Chances are you're probably already analyzing the information housed in your company's relational databases. Doing so can provide you with vital statistics regarding sales, inventory, customer buying trends, and much more.
But what of the data housed outside of your relational databases? We face a serious glut of information today, and unstructured data forms a large part of your corporate information assets.
Documents on your intranet, e-mail that contains internal research, and groupware applications that house customer comments are all examples of unstructured data sources you may already have. Moreover, your operations may also need to tap external, nonrelational data.
Enter text-mining technology -- part of the knowledge management category. Text mining is similar to data mining; both uncover information relationships.
However, text mining focuses on nonrelational data --whether inside or outside of your company.
The idea behind text mining is not new; many companies have used it for some time as the technology that drives custom data-analysis solutions. The Gartner Group estimates that companies have already spent nearly $1.5 billion on consulting services to tap into a wider array of corporate data, and the figure is expected to jump to $5 billion by 2001. However, the market for text-mining tools is also expected to expand greatly in the next several months.
Text-mining tools are ideal for information "discovery." The cost and types of text-mining tools vary greatly today because the general-use market is still emerging, but they usually include analysis and search facilities. As one who is always discovering business and technology data, I believe text mining will be a positive investment for those who employ it.
What can you expect to gain from implementing text mining? Obviously, you'll see an increase in the value of your existing data assets. Your staff will be able to quickly draw upon a much wider assortment of information, which should help increase your productivity. Moreover, you can potentially step ahead of your competition by having more complete information to proactively make better-informed decisions.
Because the text-mining tool market is still evolving, those evaluating the technology will need to consider a few key elements before making a purchase.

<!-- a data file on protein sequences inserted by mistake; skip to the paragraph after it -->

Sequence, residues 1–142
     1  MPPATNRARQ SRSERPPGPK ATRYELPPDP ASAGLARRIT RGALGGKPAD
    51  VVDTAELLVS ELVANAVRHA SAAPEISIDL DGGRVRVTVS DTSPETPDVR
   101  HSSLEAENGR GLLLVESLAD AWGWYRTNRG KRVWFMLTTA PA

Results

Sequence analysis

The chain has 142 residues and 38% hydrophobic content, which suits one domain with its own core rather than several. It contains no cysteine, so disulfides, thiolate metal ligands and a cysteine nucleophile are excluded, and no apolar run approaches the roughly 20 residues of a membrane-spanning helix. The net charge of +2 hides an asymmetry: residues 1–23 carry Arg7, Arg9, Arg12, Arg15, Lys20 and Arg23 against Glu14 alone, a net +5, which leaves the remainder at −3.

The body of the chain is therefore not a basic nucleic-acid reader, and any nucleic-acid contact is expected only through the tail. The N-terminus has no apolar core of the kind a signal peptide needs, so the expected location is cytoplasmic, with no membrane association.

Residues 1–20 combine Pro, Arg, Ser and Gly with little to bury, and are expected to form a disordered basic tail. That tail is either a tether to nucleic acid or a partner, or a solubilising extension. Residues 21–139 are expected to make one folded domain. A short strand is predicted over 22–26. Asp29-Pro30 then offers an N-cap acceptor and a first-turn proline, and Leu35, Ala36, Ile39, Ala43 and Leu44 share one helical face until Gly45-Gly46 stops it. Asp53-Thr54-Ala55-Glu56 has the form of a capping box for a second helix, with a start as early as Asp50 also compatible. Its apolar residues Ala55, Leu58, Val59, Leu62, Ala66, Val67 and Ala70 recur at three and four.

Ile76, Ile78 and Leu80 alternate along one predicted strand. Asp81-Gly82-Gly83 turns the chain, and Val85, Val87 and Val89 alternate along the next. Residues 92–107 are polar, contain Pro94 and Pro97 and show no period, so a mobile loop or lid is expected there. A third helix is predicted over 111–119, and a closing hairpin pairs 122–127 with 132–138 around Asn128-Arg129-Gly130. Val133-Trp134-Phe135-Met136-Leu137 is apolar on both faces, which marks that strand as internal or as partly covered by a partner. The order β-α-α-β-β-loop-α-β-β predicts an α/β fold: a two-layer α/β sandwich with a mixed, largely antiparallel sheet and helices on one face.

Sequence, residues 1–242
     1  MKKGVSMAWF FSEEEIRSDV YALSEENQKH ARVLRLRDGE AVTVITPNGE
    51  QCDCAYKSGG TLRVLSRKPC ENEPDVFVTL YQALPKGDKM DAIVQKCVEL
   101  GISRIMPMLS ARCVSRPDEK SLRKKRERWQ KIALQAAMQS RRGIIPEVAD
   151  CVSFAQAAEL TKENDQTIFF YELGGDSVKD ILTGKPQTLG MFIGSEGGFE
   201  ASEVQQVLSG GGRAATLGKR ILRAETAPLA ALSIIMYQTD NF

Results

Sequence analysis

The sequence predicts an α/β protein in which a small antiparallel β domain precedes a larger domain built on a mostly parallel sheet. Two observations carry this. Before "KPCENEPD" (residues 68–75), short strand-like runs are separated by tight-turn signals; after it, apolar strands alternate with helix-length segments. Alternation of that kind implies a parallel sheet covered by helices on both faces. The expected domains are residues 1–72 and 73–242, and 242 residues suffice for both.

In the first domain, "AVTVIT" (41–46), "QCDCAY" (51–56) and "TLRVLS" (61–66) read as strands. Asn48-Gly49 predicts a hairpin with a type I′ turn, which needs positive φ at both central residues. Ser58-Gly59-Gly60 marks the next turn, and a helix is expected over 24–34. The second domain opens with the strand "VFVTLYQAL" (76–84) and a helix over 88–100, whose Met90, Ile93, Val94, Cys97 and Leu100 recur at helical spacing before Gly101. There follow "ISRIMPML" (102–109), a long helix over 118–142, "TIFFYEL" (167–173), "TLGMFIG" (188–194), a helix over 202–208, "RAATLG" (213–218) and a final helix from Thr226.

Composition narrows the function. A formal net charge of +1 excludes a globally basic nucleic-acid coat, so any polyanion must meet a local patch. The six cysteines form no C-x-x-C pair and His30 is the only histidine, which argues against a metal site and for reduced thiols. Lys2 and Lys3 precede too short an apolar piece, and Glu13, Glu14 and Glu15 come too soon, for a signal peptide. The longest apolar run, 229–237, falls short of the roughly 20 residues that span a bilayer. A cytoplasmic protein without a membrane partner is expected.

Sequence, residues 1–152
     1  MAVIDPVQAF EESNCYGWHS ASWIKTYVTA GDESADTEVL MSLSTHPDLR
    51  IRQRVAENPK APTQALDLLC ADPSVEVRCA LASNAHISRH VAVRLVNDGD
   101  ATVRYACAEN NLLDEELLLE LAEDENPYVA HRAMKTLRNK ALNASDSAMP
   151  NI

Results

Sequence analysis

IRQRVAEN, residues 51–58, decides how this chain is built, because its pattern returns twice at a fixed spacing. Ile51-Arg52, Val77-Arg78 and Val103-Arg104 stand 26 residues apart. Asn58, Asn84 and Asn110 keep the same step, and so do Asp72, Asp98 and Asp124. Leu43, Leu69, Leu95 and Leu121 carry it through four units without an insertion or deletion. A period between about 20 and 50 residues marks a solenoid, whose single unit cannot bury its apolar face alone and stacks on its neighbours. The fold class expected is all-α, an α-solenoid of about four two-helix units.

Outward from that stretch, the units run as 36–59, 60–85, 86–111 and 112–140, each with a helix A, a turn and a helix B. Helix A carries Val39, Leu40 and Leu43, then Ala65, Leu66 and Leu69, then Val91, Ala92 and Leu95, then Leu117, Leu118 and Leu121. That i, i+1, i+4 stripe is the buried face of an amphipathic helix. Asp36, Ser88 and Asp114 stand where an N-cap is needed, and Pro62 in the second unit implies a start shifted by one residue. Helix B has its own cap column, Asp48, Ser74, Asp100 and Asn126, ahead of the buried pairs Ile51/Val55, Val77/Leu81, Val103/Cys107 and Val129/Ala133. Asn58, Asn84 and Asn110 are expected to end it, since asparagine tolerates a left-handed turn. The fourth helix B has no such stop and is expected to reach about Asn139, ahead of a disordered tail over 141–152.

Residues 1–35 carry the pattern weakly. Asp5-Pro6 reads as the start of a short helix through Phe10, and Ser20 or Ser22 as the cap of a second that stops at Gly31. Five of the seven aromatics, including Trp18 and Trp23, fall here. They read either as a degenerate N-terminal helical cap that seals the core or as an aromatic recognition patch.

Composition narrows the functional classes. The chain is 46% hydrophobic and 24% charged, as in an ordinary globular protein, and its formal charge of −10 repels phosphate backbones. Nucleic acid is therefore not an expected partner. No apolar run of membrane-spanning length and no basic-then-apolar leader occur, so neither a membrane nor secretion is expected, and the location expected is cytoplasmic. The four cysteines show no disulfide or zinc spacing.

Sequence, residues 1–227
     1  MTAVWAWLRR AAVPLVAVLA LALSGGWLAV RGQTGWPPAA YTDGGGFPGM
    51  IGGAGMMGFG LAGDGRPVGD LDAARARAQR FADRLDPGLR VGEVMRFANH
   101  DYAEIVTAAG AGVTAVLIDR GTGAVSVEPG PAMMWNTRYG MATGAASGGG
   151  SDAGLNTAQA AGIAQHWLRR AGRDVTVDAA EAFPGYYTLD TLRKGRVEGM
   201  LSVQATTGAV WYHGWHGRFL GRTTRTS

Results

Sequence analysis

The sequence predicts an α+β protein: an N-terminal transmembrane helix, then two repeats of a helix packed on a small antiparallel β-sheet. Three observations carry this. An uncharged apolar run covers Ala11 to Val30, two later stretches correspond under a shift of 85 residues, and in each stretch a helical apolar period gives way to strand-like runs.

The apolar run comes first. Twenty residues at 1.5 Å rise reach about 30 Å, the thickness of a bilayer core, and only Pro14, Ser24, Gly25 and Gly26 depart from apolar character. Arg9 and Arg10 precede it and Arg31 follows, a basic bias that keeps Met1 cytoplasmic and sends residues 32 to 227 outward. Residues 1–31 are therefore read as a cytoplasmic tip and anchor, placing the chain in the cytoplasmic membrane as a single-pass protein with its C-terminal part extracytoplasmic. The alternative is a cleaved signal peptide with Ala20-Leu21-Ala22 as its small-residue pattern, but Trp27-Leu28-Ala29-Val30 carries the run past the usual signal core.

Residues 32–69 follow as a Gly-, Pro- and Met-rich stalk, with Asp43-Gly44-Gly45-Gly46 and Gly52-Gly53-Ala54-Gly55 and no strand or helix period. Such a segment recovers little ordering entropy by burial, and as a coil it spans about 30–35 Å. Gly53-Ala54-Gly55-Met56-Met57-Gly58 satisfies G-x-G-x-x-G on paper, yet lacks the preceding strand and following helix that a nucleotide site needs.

Chief among these should be choosing a tool that does not require a huge first-time categorization, tagging, or integration effort.
The tool you select should be capable of automatically identifying and indexing unstructured data concepts. You should also expect some form of graphical interface that supports a high-level view of the data as well as the capability to drill down to a very detailed level. At this time, the types of interfaces differ by product.
If you want to get a feel for one type of high-level interface and its drill-down capabilities, check out the text-mining demonstration of WEBSOM (a Web Self-Organizing Map), which brings together more than a million documents from 80 Internet newsgroups (see websom.hut.fi/websom/milliondemo/html/root.html).
Text-mining tools are not supposed to be static in nature, given the changing data involved. The tool you select should let users explore data paths that form new relationships. And, the facilities should support ongoing mining activities.
You should also expect that a text-mining solution should integrate with your collaboration tools. After all, much of your unstructured data gems are actually stored inside the heads of many employees. Moreover, you should be able to tap internal and external data -- only some of the tools now available support the latter.
The types of unstructured data formats supported by text-mining tools also vary greatly. You'll want to carefully inspect which formats are supported (such as text, spreadsheets, graphics, presentations, and compressed files). If you're careful, you can locate text-mining tools that are also capable of mining relational data formats.
Some of the text-mining tools available now include Semio's SemioMap (www.semio.com), IBM's Intelligent Mining for Text (www.ibm.com/software/data/iminer/fortext), Autonomy's Agentware (www.autonomy.com), and Megaputer's TextAnalyst (www.megaputer.com).
Given the immaturity of the text-mining tool market, each of these tools takes a slightly different track. For example, SemioMap offers server-side components that extract and index text, cluster concepts, and visual tools to navigate the unstructured data. By contrast, IBM's offering is in the form of a software development kit with sophisticated text analysis and search tools. I expect you'll see many other tools arriving or being enhanced during the coming year.
Is text mining for everyone? You certainly would not use the technology to locate a single piece of information. Text mining is ideal for finding related information in huge volumes of unstructured data. It is also a good way to learn about a subject, inspect changes in the market, or to identify ideas to pursue.
Will you tap into the hidden assets buried in your unstructured data? Write to me at email@example.com.
Maggie Biggs is InfoWorld Test Center's technical director.